YO: In other writings, you mention that yoga offers individualistic practices when what people need are relational practices. But isn’t going to a yoga class, or staying in an ashram, a communal experience? What is missing?
MR: Yoga and meditation in group classes is a 20th century phenomenon. Prior to this, practitioners would have shared experiences in ashram settings, and this might have been really nurturing — I don’t know.
But for the most part modern yoga and global Buddhism do a lot of religious work for neoliberalism: practices are for the individual, and must be carried out by the individual in order to be successful. When Pattabhi Jois says: “Just do your practice, and all is coming,” he’s not just exercising limited English to suppress critical thinking, he’s also laying the groundwork for yoga people to believe that what you do on your mat is the primary shaper of your reality.
When this is exported to and then proliferates through the US scene, for example, it becomes particularly worrisome, because many people are using yoga etc. as primary care in the absence of adequate health insurance.
YO: How does this relate to spiritual bypassing?
MR: It’s the idea that internal focus is the primary pathway to healing or justice. You can really get lost in that and avoid looking at all kinds of ways in which you’re being oppressed or traumatized by concrete and material relationships.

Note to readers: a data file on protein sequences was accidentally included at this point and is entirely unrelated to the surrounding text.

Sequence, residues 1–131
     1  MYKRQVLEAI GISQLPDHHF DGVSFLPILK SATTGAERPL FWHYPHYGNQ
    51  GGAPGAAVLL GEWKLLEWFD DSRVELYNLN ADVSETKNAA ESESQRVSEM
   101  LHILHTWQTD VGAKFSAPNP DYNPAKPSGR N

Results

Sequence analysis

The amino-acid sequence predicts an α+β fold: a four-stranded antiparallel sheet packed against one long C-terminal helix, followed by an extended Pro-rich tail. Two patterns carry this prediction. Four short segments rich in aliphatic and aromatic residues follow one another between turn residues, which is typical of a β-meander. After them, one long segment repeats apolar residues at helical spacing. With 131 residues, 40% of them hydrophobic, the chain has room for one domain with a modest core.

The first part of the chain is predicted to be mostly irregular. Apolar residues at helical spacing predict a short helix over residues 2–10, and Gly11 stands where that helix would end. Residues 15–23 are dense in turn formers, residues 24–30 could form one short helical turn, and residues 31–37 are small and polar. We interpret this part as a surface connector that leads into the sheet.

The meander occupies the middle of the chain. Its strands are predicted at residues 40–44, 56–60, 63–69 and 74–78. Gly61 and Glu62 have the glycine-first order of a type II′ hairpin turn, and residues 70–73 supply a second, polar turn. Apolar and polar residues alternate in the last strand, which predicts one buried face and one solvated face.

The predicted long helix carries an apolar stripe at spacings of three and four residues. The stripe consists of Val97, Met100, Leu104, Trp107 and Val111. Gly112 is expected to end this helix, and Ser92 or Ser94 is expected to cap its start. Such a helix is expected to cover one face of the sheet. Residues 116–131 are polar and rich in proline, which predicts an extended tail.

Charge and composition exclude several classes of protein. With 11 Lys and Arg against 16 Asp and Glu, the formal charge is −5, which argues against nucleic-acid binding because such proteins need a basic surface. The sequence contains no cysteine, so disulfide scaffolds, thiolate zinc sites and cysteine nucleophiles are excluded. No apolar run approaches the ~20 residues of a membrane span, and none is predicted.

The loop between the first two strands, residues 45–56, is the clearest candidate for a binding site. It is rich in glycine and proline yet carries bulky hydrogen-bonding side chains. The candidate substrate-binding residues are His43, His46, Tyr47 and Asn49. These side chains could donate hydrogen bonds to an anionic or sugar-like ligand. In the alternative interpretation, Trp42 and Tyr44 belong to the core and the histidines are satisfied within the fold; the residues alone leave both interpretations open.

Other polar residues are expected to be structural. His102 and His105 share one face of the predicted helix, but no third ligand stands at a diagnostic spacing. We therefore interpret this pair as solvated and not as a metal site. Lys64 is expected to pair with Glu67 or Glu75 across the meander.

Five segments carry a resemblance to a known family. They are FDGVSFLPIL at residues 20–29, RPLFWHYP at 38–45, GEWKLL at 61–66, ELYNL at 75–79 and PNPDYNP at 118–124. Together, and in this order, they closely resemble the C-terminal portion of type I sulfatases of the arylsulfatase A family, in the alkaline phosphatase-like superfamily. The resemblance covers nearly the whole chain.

YO: In your book about Pattabhi Jois’s Ashtanga community – Practice and All is Coming – you talk to victims of sexual abuse, and also community members in denial of the abuse. Which of these groups is engaging in spiritual bypassing?
MR: Denial and bypassing might be synonymous. Members who rush to defend a leader who is obviously causing harm could be a serious example of spiritual bypassing. However, they could also be motivated by other reasons: safeguarding their positions within the community, defending against cognitive dissonance, or protecting sunken costs.
As for the victims of abuse, spiritual bypassing may be what initially motivated them to stay in an abusive relationship with their teacher. But survivors who find the support to be able to speak out are doing the opposite of bypassing. They’re forcing a confrontation with a material history and reality. They are providing reality-checking. In that sense, they are the spiritual teachers of our age, calling both individuals and organizations into transparency.
What would spirituality mean, if not transparency?